For you techies in the audience, Ricky explains his workflow: “I go from Frame.io, and then export the data to Google Sheets, because that has easy integration with the rest of Google, and [from there] I go from Google BigQuery into Mode Analytics or Google Data Studio. But, if you have a development team, you can go straight into your own API-compatible database.
He can pull useful analytics such as the most common aspect ratio (1080×1080 because Tasty, BuzzFeed’s food network, delivers in that format); frame rate (23.98 fps); and the average length of clips (1.4 minutes).
BuzzFeed shares 5TB of storage, and the API helps Ricky gain visibility into which teams or users are using the most storage. That helps him enforce team maintenance by alerting team leaders when they’re about to fill (or exceed) their quota.
Ricky also has set it up so he can see, in a graphical view, who is using the most storage space, who has the biggest files, and what the longest file durations are—which makes it easy to see where he can get “the best bang for his buck” when he needs to free up space.
He can identify who the heaviest users are to ensure that they’re being efficient and not, for example, uploading large ProRes files or unnecessarily using Frame.io for archiving material.
He can see a graphical view of inactive users, which enables him to see how long it’s been since a particular user logged in, and to delete them to reduce clutter.
One of Ricky’s favorite time-savers is the feature (a standard enterprise product feature), which allows him to set timetables for placing older files in a “recycling bin” for 30 days, after which time they are automatically deleted.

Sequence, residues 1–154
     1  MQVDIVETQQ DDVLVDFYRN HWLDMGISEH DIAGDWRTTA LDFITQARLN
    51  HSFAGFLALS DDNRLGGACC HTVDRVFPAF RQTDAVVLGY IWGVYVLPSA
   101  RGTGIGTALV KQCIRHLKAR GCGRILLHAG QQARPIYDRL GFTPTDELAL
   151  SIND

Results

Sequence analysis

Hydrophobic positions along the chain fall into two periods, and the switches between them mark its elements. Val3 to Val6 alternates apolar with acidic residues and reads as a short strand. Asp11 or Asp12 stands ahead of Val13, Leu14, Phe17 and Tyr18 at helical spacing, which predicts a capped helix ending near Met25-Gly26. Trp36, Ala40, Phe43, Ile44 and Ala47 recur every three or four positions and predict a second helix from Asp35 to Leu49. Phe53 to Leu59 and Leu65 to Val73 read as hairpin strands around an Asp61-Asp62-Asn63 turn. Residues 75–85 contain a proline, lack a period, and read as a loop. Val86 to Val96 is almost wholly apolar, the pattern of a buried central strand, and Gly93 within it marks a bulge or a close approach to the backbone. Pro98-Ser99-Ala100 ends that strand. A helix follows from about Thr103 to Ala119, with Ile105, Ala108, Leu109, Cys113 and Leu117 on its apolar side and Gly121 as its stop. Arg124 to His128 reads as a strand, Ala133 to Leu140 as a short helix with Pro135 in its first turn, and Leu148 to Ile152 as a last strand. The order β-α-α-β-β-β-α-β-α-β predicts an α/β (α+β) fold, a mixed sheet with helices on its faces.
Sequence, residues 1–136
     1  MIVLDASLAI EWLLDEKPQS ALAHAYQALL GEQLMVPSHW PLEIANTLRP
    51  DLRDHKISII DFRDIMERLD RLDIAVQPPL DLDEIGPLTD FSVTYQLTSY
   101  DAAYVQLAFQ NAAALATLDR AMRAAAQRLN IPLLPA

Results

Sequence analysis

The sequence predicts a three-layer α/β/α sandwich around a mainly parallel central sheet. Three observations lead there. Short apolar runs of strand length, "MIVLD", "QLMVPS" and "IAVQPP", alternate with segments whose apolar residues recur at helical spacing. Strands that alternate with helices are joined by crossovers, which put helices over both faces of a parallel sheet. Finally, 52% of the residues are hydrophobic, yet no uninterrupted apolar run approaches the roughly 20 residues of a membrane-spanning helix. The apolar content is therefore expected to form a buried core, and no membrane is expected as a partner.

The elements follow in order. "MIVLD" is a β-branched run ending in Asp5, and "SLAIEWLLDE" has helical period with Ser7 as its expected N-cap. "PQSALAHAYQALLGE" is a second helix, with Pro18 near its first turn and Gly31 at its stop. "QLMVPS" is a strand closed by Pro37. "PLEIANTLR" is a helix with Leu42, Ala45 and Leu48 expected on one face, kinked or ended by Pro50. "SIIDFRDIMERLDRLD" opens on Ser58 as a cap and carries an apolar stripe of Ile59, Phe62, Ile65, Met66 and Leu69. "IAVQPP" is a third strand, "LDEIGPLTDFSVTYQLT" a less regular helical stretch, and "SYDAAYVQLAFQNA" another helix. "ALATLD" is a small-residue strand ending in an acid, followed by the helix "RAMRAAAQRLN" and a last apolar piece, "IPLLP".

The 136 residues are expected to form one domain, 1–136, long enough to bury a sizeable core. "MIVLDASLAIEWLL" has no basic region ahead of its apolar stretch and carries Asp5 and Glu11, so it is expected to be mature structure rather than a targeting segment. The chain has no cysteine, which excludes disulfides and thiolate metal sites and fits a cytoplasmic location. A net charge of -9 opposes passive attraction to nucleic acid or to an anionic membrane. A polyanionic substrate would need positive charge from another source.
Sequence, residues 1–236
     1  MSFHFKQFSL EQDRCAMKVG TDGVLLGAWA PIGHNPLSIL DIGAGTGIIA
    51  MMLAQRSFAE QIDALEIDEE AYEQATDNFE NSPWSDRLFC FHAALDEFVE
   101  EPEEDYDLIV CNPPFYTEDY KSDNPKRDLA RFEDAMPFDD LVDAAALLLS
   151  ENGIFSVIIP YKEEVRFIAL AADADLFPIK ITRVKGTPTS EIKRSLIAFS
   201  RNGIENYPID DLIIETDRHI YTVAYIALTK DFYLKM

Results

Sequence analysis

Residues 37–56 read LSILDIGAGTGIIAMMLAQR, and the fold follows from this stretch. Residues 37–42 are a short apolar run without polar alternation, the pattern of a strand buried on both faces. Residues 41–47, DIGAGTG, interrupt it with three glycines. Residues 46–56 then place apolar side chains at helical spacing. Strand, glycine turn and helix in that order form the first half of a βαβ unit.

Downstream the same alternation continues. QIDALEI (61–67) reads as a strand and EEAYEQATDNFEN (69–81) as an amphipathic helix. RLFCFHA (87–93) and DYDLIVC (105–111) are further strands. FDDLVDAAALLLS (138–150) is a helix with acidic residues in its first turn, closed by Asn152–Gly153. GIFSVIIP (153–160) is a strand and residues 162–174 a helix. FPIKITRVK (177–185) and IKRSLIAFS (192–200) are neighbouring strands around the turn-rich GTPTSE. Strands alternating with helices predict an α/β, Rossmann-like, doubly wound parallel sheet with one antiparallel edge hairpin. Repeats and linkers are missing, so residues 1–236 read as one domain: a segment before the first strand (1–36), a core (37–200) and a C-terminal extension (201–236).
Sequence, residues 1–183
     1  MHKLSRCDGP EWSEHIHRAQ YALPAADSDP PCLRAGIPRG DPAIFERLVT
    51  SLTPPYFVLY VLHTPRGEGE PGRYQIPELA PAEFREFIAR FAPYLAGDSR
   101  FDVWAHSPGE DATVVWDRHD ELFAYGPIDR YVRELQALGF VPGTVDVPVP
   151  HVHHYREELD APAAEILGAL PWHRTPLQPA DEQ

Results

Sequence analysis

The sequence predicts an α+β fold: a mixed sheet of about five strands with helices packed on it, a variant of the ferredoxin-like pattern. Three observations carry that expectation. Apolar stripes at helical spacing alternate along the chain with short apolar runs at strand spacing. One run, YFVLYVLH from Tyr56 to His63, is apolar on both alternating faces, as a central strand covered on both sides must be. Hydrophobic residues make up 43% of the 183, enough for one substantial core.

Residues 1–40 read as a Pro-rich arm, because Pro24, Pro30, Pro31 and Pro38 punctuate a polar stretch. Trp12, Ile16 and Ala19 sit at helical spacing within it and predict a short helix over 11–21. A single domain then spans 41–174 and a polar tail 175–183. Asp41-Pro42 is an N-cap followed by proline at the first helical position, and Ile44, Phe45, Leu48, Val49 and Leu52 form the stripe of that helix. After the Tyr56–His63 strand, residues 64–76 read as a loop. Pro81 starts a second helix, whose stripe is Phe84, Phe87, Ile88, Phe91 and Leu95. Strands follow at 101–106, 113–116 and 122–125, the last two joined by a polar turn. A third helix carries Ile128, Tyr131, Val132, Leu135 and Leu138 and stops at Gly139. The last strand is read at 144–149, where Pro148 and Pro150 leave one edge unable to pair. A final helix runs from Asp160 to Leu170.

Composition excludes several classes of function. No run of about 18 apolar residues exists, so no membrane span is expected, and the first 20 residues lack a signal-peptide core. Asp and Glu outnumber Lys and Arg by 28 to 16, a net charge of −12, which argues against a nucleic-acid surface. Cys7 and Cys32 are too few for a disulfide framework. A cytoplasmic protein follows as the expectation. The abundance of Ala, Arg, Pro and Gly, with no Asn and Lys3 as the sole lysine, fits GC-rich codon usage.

He can automate functions that reduce the time an employee would have to spend doing them manually, like pre-setting expiration dates for presentation links or having them become inactive when the files are deleted.
As Ricky notes, it takes an initial investment of time to implement these sorts of customizations, but the resulting functionality quickly recoups the up-front investment and streamlines the entire post-production process.
For large-scale creative organizations like BuzzFeed, the flexibility that Frame.io enables is essential to their workflow. The improved review and approval process works across all of their different production scenarios, and the data they collect through their API customizations ensure that they’re using Frame.io as effectively and efficiently as possible.
“Users cost money, storage costs money, clutter costs money, and the time I spend administering all of that costs money,” Ricky says. “So once I’ve automated tasks, it reduces all of that.”
For creators who need to respond to the ever-changing demands for content, being able to easily adapt their tools to fit their workflow is key.
If you would like to learn more about turbo-charging Frame.io to boost your organization’s productivity and efficiency, visit docs.frame.io.